In the wake of violent conflict, Sudanese farmers like Mohammed Issa brace for a harvest season clouded by uncertainty, clinging to the hope that peace will restore their lands’ once bountiful yield.
Inextricably linked to its vast and fertile lands, Sudan is renowned for its agricultural prowess. The country’s intricate connection to farming has earned it a reputation as a “food basket”.
Spanning a diverse range of climates and geographies, Sudan is shaped by the intertwining Niles in its centre and multiple tributary valleys in regions such as Darfur, Blue Nile, and South Kordofan. The east is marked by the Red Sea coast.
While rich in surface and groundwater, Sudan faces challenges due to a lack of financial and human resources.
Persistent internal conflicts occasionally hinder farmers from accessing certain areas, impacting agricultural production. Nevertheless, the sector continues to support the Sudanese populace, with any excess produce earmarked for export.
The war that began in April 2023 has had a profound effect on regions like South Kordofan and Darfur. Although these areas received rainfall, the conflict led to mass displacements, turning their lands arid.
A Journey Towards Stability
Nestled on the western bank of the Blue Nile, the city of Damazin offers a semblance of peace. This calm beckoned Mohammed Issa, 23, who relocated from the Kasala region with his family, seeking a brighter future.
Mohammed’s move culminated in his joining his father’s farming ventures in 2020, after completing a degree in administrative information systems at the University of Sudan.
The region, where Mohammed operates, covers 30,000 acres and relies on seasonal rain-fed agriculture. Essential crops such as maize, sesame, and rice flourish here, catering to both domestic consumers and international markets.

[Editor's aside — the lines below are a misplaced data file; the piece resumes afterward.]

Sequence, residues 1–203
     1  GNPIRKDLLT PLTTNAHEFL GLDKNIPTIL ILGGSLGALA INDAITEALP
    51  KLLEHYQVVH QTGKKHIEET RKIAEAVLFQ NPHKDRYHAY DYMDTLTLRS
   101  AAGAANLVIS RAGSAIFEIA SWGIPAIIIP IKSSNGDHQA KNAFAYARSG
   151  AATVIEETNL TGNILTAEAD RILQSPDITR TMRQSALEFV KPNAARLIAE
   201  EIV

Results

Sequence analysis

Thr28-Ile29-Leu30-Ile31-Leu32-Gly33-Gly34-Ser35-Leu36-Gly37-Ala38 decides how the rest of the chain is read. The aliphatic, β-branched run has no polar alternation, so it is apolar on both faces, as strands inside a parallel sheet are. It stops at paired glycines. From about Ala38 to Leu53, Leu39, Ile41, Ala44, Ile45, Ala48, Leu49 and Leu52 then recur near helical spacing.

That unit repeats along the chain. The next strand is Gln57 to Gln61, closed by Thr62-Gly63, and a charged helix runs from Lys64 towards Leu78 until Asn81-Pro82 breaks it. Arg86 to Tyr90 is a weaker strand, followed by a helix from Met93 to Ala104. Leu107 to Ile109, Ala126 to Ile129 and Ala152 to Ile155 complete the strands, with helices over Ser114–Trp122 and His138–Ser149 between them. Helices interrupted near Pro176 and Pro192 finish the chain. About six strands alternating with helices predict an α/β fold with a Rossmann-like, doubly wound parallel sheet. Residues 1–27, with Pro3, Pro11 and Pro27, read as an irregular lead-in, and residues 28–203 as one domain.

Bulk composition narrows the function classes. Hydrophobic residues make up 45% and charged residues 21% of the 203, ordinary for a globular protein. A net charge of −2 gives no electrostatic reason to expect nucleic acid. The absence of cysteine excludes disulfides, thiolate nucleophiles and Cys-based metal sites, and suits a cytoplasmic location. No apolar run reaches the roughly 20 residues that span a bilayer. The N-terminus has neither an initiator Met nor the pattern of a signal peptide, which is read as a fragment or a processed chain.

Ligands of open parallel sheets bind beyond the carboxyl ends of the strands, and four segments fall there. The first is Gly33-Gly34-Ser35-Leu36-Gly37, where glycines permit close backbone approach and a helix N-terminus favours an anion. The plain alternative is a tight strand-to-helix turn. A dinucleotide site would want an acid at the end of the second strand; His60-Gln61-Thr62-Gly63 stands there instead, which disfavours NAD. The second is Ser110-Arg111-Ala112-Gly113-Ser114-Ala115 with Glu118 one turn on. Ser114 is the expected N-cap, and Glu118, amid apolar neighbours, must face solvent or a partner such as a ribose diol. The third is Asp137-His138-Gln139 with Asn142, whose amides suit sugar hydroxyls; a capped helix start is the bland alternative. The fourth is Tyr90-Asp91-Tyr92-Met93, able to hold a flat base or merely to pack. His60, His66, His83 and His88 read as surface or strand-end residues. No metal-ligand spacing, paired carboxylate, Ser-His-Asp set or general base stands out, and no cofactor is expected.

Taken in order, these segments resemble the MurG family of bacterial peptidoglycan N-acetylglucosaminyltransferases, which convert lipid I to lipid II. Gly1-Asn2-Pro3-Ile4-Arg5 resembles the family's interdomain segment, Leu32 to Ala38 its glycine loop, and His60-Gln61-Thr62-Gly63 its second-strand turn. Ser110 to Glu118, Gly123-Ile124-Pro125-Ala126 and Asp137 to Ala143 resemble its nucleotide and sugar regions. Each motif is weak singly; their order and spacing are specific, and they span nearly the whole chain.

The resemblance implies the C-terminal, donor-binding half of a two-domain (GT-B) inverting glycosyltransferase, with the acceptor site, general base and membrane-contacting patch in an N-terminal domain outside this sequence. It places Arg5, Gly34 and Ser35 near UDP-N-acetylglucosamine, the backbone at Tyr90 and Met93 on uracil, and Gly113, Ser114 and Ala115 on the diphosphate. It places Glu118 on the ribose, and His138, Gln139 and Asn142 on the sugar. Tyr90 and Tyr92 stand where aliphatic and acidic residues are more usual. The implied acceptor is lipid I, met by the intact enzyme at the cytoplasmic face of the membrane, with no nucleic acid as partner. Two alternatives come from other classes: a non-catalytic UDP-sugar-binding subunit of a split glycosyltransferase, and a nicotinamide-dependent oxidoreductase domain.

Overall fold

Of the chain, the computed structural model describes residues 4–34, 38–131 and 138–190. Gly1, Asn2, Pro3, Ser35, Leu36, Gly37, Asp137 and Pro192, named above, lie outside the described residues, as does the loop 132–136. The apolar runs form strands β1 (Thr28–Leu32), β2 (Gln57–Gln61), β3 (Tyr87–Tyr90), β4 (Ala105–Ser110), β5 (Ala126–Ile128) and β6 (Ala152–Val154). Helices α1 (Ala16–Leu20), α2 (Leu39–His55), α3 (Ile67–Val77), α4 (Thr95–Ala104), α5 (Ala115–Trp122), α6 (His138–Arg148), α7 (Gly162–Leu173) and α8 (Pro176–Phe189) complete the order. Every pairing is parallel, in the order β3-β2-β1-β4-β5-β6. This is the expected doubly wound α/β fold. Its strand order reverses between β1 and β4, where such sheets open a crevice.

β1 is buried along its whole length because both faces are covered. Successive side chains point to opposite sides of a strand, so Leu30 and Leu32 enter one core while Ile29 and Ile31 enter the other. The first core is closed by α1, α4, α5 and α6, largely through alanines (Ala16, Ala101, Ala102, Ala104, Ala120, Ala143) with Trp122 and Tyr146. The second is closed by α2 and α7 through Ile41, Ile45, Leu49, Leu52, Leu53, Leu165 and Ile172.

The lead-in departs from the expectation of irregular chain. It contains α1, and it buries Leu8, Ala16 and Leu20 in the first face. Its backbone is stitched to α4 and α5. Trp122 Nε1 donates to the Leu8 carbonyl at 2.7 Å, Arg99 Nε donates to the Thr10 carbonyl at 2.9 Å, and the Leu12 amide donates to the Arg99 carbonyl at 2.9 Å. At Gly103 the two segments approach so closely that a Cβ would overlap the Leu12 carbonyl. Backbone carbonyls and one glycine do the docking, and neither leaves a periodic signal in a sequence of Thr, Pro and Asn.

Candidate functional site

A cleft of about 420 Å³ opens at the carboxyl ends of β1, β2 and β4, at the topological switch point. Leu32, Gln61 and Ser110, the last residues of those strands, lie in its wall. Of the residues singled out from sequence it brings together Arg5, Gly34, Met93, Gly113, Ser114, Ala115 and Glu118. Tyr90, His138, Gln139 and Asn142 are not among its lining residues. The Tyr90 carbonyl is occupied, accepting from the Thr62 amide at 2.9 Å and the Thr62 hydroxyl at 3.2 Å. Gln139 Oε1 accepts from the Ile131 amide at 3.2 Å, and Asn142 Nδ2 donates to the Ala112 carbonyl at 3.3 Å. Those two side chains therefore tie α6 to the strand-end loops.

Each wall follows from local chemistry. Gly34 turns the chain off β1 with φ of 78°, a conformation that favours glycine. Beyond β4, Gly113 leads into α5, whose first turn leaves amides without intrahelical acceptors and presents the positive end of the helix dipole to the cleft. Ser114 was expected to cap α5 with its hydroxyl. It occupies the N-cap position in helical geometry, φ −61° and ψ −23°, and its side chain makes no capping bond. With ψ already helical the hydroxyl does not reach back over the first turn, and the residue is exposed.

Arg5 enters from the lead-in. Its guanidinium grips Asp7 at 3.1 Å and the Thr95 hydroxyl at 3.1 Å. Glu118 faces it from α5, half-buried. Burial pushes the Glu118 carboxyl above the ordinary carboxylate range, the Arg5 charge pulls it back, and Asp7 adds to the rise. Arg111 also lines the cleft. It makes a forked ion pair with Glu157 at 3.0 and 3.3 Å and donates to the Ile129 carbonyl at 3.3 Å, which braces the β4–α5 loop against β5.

Mohammed’s venture provides livelihoods for 32 individuals and annually produces significant quantities of maize, sesame, and cotton.
The relative stability in the Blue Nile State, despite its turbulent past, attracted Mohammed. His commitment is to farm sustainably and according to the resources at hand.
Navigating the Hurdles
Despite the daunting challenges of 2023, Mohammed remained resolute. Capitalising on sporadic periods of safety, he proceeded with cultivation.
Yet, he confronted additional obstacles, such as maintaining equipment, affording wages, and coping with surging fuel prices exacerbated by the conflict. His attempt to secure funding from the Agricultural Bank in Damazin fell through due to logistical complexities.
Consequently, many farmers found themselves selling their produce at suboptimal prices to maintain some cash flow.
Such circumstances forced Mohammed to downsize. He could only hire half of his usual workforce and cultivate half his usual acreage, supplemented by crops from the FAO.
The Precarious Balance
Despite its significance, Sudan’s agricultural sector has often been overlooked by consecutive governments. As of 2020, agriculture represented 56% of Sudan’s total exports, according to the Central Bank of Sudan.
The sector has the potential to alleviate food insecurity and uplift small-scale farmers, especially given the current economic challenges stemming from the war.
As Mohammed anticipates the harvest season, concerns weigh heavily on his mind. Questions of yield quality, potential conflict spillover, and marketing strategies loom large.
The current lack of robust markets, reduced consumer purchasing power, and stagnation of institutional operations spell uncertainty for the future of Sudan’s agriculture.
Should the conflict persist and intensify, Sudan’s economic trajectory could be grim. Even with favourable conditions, estimates suggest the agricultural output might be halved.
The extent of cultivation in the Blue Nile has already diminished, with current production anticipated to barely cater to local needs.
Sudanese farmers like Mohammed face an uphill battle. The turmoil of war has already left deep scars, with Mohammed reflecting on a particularly challenging year where 60% of the crop remained unharvested due to safety concerns.
“That year shattered our aspirations,” Mohammed says. “We fervently hope for peace, praying that agriculture, so dear to Sudan, remains shielded from the ravages of conflict.”
This story was produced by Media in Cooperation and Transition (MiCT) and the North Africa Media Academy (NAMA), in collaboration with the Al Adwaa Media and Journalism Services Centre, and financed by the German Federal Ministry for Economic Cooperation and Development (BMZ). The views expressed in this publication do not represent the opinions of MiCT, NAMA, Al Adwaa, or BMZ.